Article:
Why I Left The Botox Party

Last week I received an invitation. The envelope was bright pink with pictures of palm trees and stuck out of my snow-covered mailbox like a glossy Easter Egg. Victoria's Secret's bikini catalogue! I couldn't wait to open it.
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Last week I received an invitation.

The envelope was bright pink with pictures of palm trees and stuck out of my snow-covered mailbox like a glossy Easter Egg. Victoria's Secret's bikini catalogue! I couldn't wait to open it. Instead, there was a photo of a tropical island without models. "Sneak away to a special girl's night out," the card read, "Join us for an evening of Botox and margaritas." I was surprised. I wasn't expecting an evening at my dermatologist's.

A part of me was flattered. My presence was requested at a gala for banishing wrinkles. But I was confused. Do I look like I need a Botox party? What is a Botox party? Do fashionable crowds huddle around a keg of silicon or is it a down-home sorority thing -- an informal gathering of gals? Should I buy a cocktail dress?

I turned to my best friend, Mabel, for advice. Mabel has two kids, is CEO of a thriving business, and runs a Girl Scout troop for tweens. "Think of it as a modern Tupperware party," she explained, "Except you're not exchanging handy plastic containers, you're taking turns getting needles jabbed into your face--"

"Ouch. Who'd want to spend Saturday night doing that?"

Mable shrugged. "Some people want to defy gravity."

"But I like gravity. And drooping. Flowers droop."

"Only when they're dead." Mabel murmured, studying the photo. "Ooh. Look. They're serving margaritas!"

"I don't drink," I reminded her.

She sighed, staring at my forehead. "Maybe you should go. Consider it as research, you know, for your writing."

The next day, I showed the invite to my oldest daughter. "What do you think?"

"Is this another mid-life crises, Mom? You just got over the last one."

Without answering, Eliza "Googled" the word "Botox" and read the definition aloud, "Botox is a drug made from a toxin produced by the bacterium Clostridium botulinum. It's the same toxin that causes a life-threatening type of food poisoning called botulism." She emphasized the phrase "life-threatening food poisoning," several times. "Have fun, Mom."

"To Botox or not to Botox?" I pondered that night while staring in the mirror and counting my creases. Sure, at 53, I could use a spring-cleaning but maybe there was just a pinprick to be had, a "Botox booster." And then I remembered my grandmother Elizabeth's immortal words, "Every one has the face they deserve." But what did that mean? She lived to be 104 and never saw a dermatologist.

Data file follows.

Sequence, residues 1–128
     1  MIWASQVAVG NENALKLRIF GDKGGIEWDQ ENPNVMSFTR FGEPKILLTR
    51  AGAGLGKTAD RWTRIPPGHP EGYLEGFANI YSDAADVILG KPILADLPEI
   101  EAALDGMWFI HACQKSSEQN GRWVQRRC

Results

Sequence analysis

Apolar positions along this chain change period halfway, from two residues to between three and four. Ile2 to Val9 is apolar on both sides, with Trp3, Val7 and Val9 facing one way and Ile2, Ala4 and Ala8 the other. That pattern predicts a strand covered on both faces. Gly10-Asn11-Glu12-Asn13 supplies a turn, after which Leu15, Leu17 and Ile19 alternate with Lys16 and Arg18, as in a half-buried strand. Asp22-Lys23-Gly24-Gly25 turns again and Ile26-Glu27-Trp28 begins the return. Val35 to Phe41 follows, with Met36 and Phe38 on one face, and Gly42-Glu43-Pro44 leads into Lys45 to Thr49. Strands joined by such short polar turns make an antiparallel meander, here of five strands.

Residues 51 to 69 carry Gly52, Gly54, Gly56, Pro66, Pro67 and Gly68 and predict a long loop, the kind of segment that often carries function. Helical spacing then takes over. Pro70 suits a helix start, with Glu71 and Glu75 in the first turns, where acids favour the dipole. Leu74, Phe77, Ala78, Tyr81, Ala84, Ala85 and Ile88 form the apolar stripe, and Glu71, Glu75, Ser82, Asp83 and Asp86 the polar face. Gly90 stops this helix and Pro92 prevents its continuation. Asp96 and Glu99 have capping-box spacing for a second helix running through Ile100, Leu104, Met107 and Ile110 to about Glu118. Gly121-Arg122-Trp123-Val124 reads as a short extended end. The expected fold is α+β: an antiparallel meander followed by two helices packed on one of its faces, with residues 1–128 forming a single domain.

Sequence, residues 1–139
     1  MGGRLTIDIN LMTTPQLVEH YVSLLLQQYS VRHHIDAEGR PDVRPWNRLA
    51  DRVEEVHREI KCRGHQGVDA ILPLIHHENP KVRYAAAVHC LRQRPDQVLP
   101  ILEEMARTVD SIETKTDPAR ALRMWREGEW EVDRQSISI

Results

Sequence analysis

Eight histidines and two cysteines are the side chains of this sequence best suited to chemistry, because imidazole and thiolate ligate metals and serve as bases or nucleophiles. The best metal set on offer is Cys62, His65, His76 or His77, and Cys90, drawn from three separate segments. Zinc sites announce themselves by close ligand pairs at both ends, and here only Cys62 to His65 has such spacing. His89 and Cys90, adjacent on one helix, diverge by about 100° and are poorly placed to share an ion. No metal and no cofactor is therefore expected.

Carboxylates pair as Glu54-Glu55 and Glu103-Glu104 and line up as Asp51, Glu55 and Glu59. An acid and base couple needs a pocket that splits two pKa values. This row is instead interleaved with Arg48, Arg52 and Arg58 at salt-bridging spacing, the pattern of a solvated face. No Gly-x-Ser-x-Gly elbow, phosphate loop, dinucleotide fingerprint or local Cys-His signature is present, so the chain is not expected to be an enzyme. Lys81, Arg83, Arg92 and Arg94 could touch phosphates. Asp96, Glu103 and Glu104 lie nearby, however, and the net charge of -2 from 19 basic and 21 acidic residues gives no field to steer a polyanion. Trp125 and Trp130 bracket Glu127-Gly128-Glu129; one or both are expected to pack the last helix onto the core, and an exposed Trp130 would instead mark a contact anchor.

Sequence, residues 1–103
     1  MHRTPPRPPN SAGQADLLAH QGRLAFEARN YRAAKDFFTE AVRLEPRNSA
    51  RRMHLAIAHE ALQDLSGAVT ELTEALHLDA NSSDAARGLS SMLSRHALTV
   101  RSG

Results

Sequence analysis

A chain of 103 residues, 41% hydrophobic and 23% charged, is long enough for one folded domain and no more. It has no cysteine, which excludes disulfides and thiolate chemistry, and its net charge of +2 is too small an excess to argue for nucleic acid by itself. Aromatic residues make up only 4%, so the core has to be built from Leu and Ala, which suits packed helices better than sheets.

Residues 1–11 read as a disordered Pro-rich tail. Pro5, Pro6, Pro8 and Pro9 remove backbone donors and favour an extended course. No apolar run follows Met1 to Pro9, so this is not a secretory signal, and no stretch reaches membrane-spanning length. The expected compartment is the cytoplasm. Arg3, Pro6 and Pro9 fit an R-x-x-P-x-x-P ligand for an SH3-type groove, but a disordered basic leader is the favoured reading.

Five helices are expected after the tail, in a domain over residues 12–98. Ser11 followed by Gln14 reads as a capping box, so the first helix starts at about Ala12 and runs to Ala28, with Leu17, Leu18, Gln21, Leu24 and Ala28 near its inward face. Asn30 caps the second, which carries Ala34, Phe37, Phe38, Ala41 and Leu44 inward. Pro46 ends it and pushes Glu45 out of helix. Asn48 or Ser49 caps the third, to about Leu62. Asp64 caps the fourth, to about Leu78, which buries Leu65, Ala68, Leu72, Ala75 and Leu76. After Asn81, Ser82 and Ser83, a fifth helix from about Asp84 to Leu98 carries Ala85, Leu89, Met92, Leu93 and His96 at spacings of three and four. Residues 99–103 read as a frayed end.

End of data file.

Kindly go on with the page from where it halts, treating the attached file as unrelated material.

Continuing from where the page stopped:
That Saturday night, since there was nothing on my calendar, I ventured to my doctor's office.

"You're here early!" Alicia, the receptionist, beamed. "Do you want to meet the new doctor? We hired a specialist from Long Island."

The office was strewn with paper flowers. It looked like a Hawaiian Luau.

"I'm going to mix Sangria. They were out of tequila."

The door opened and a man bundled in a winter coat carrying a 64-ounce Canada Dry Ginger Ale in one arm and a jug of Anti-Freeze in the other entered.

"This is Dr. Ehrlich," Alicia announced.

He turned to me setting the ginger ale near the punch bowl and the anti-freeze on the counter. "It's a pleasure."

"Why don't the two of you get started?" Alicia suggested. "For you, it's only 170 dollars an injection."

I performed a mental calculation: one furrowed brow, two crows' feet, marionette lines, and a newly sagging chin -- all for a grand total of approximately $1,000.

Dr. Ehrlich took off his mittens and started poking my cheeks. "Not too bad. You're pretty well preserved."

I stared at the bottle of anti-freeze. Was that for my forehead or Dr. Ehrlich's radiator? As he prodded, I thought about the lure of having Gisele Bundchen-like skin -- the way it used to be before raising two daughters, writing three unpublished novels, and surviving two marriages. As he tugged at my chin, I realized I had earned my wrinkles.

"Thanks but no thanks," I said.

"We can always order out for margaritas --" Alicia offered.

"No, but enjoy your party!"

As soon as I left the office, I felt years younger.

"So what happened?" Mabel asked when I went to pick up my Girl Scouts cookies. "Did you have fun?" She scrutinized my face. "You don't look different."

"I don't need Botox," I told her. "I'm going to do what Grandma Elizabeth did -- wear big hats and drinks tons of water."

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